Saturday, January 17, 2015

The icicles on my mother's roof (6WS)



Harvey asked me a really good question today:  How has age changed you? How has your thinking changed?

Had to stop and think about that for a bit,  since time moves faster for all of us, as we discover there is less in front to discover and more in back to remember.

I seem to have stopped writing. Not totally, but it no longer seems to have a presence in my life. Now and then one gets away from me, but for the most part they don't dominate the way they did.  Yeah.

Some days its all  memory,  some days its 'where did I put the scissors" and by the time you find them you've forgotten why you needed them and when you do remember, you 've lost the scissors again

I make a sandwich, the phone rings and I wander away to answer it,  then off to start a project,  and an hour later come back to the kitchen to find that the cat has made himself a sandwich and is just now licking up the last of the crumbs...

Tell the doctor about the wandering memory and he goes straight into denial, "You do NOT have memory loss!"  and slams that door shut...

But getting older has forced me to move a bit more slowly, and in doing so I find a joy in pauses:  watching a flight of geese, walking through those trees, seeing  it  become something other, something that will outlast us.  And knowing that I have less time than I had, and that dark wall looms closer every year,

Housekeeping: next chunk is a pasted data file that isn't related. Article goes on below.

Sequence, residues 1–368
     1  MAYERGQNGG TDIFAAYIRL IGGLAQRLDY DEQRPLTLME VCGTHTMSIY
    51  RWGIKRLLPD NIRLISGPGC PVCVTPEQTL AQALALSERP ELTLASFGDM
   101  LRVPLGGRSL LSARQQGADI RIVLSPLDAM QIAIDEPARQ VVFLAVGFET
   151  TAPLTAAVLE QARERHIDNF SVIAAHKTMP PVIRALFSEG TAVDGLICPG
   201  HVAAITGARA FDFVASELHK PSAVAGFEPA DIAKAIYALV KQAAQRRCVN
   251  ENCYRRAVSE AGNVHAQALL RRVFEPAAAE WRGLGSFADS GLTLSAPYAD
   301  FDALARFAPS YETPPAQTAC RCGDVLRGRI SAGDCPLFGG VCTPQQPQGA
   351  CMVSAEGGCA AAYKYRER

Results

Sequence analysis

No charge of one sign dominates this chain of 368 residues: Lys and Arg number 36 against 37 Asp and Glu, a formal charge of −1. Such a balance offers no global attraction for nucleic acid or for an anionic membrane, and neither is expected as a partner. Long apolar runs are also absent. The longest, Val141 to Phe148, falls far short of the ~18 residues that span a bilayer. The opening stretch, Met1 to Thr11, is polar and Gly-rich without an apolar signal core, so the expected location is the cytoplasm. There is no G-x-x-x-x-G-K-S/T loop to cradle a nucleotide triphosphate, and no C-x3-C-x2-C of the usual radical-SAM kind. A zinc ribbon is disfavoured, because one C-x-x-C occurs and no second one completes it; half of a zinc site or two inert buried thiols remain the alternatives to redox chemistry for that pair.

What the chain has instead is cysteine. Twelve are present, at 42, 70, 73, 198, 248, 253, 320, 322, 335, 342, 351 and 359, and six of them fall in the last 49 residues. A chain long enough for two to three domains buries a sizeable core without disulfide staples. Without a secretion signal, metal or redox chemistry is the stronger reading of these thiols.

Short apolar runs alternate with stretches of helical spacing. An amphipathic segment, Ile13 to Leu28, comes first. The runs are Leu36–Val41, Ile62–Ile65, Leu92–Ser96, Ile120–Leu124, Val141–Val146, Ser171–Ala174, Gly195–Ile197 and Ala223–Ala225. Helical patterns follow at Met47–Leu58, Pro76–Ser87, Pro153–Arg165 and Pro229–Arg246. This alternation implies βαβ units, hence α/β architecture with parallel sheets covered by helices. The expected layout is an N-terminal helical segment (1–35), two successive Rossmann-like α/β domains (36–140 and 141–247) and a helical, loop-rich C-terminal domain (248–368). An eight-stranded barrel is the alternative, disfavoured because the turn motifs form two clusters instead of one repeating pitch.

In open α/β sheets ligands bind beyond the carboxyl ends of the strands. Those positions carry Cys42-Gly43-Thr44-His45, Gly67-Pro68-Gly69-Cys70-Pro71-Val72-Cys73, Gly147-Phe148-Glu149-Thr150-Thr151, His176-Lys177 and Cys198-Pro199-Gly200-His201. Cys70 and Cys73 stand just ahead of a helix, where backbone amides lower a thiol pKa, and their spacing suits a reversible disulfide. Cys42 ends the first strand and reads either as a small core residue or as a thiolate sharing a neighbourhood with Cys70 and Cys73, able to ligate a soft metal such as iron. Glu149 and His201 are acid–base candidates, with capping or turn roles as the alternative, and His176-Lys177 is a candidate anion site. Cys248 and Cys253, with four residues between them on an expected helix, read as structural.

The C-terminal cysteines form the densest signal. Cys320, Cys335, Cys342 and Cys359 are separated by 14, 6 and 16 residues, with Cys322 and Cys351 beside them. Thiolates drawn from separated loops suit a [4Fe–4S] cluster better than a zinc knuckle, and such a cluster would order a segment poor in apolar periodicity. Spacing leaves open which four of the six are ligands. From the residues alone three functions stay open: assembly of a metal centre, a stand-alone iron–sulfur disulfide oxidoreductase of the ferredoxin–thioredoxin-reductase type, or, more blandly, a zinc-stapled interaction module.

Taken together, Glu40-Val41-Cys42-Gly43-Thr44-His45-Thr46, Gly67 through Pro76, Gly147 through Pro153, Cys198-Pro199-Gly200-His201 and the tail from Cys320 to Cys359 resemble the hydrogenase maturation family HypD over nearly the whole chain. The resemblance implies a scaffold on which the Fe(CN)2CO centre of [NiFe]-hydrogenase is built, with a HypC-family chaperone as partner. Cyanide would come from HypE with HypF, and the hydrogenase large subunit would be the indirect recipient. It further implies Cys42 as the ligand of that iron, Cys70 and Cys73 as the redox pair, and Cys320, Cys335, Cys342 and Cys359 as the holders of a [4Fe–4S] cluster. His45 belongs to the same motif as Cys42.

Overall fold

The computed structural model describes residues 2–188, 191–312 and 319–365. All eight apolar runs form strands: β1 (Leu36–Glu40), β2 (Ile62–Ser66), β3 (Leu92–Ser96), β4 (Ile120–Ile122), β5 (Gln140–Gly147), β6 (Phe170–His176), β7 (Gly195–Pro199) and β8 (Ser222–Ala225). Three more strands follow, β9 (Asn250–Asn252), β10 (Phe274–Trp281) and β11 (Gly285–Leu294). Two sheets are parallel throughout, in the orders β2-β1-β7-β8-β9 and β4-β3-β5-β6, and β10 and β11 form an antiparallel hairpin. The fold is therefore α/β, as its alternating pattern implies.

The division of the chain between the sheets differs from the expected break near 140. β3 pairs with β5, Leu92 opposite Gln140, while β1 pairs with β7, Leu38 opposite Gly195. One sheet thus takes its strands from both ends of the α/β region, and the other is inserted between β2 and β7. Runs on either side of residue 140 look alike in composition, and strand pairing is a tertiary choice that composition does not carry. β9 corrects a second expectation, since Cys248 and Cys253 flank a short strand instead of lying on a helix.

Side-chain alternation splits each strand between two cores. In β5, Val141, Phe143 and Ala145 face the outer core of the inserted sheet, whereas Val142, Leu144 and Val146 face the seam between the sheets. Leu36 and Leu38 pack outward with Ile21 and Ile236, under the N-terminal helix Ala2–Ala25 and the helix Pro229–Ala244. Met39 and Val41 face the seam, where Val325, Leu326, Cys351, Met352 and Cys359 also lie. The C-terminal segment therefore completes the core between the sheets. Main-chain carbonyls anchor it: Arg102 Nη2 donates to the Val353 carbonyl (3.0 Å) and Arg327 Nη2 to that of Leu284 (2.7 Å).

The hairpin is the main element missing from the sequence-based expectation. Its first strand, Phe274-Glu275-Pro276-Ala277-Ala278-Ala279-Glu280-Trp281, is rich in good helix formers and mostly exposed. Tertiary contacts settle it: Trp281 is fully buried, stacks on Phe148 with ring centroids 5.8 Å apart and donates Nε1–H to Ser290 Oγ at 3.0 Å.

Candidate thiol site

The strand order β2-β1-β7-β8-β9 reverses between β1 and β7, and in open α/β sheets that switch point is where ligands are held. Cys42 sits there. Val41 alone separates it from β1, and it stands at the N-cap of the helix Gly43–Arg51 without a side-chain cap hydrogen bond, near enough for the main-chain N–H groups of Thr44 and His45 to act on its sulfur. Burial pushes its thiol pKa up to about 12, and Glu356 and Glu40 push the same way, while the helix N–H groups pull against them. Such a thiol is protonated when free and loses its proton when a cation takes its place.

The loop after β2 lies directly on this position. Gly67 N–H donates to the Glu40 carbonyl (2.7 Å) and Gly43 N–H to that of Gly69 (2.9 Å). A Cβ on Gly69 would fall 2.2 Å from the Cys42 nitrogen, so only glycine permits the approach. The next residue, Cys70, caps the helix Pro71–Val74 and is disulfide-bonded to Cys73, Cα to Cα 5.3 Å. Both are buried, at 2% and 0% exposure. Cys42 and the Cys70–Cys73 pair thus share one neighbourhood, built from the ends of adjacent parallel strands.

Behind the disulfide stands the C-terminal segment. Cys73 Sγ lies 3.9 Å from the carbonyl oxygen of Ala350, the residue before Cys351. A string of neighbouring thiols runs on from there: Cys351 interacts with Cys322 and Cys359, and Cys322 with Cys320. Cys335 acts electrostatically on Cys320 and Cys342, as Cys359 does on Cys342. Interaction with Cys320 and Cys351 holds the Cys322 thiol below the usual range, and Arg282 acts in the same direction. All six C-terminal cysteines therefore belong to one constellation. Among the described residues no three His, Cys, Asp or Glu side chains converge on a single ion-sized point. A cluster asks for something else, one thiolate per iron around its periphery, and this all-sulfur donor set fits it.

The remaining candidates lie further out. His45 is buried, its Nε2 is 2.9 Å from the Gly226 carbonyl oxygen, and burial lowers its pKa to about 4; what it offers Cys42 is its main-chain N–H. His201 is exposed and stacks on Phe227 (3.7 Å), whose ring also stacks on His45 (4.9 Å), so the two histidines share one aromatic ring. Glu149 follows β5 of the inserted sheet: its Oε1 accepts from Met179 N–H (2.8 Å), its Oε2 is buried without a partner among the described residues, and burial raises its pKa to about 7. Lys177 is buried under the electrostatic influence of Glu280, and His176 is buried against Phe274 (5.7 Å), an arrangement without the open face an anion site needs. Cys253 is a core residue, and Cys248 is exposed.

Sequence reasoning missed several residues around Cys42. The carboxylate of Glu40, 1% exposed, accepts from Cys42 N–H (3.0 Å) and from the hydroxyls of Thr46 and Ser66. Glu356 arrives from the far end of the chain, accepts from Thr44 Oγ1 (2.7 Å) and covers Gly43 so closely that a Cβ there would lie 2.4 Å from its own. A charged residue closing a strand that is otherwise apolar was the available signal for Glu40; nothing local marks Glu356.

I'm less willing to assign importance to things that I cant change.

Years ago we had one of those high snow winters,  and Mother was sliding into her dotage, but still  in her own home. One night she called me, terribly distraught, wanted me to come over and "do something" about the icicles that lined the front of the house like prison bars. She was afraid they'd break off and damage the windows.  The fact that we were having yet another storm and her front lawn was already four feet deep in snow wasn't important, and she started the "if you loved me' thing.  Finally she said, "at least you could help me worry!" and hung up.

  I refuse to worry about icicles I can't reach,  or events that will change whether I'm here or not.

Thanks,  Harvey.

5 comments:

  1. I like your comment about refusing to worry about icicles you can't reach; I t hink it is a good attitude to go into as one ages (which I think I'll adapt for myself)

    betty

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  2. actually its a good attitude for almost any age; ive been doing it for years. My list of icicles now includes people who are 4000 miles away and neither know nor care if I worry over them; politics, which will carry on whether I watch or not; weather--its one thing to be prepared for it, its another entirely to worry about it. It will, or it wont.
    i have a shovel, and boots.

    If you didnt break it, and you cant fix it, let it go. btw, im sorry about your dog. They do attach themselves to us like sticky burrs, dont they...ive done the same thing, for the same reasons. =)

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  3. The icicle concept's particularly on point, JT.

    It's and odd stage we're in, eh?

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  4. odd, and yet not odd. Older, but not old. its a natural progression, although a lot of people (thanks in part to advertising) see aging as an insult, or a failure on their part--
    we've got a ways to go, my friend. might's well enjoy the good parts.

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  5. Mothers can be that way, mine is.

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